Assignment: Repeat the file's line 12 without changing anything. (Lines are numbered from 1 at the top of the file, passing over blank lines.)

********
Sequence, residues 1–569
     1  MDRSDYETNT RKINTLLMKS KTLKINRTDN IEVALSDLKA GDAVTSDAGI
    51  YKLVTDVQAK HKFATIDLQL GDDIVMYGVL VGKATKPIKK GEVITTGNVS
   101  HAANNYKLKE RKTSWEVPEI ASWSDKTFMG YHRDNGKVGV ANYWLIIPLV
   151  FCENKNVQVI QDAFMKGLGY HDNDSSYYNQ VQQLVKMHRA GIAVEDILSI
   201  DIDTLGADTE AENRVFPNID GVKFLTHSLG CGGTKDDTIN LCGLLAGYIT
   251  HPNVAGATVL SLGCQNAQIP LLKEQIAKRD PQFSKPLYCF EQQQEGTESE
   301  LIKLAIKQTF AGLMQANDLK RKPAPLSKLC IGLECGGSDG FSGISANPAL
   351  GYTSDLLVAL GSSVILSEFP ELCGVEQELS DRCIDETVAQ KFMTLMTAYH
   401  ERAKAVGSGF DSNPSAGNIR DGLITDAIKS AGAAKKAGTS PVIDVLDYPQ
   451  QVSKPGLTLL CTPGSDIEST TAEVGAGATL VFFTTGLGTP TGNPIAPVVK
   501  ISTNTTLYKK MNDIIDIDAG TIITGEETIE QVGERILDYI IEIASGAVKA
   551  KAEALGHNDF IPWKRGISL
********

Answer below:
   501  ISTNTTLYKK MNDIIDIDAG TIITGEETIE QVGERILDYI IEIASGAVKA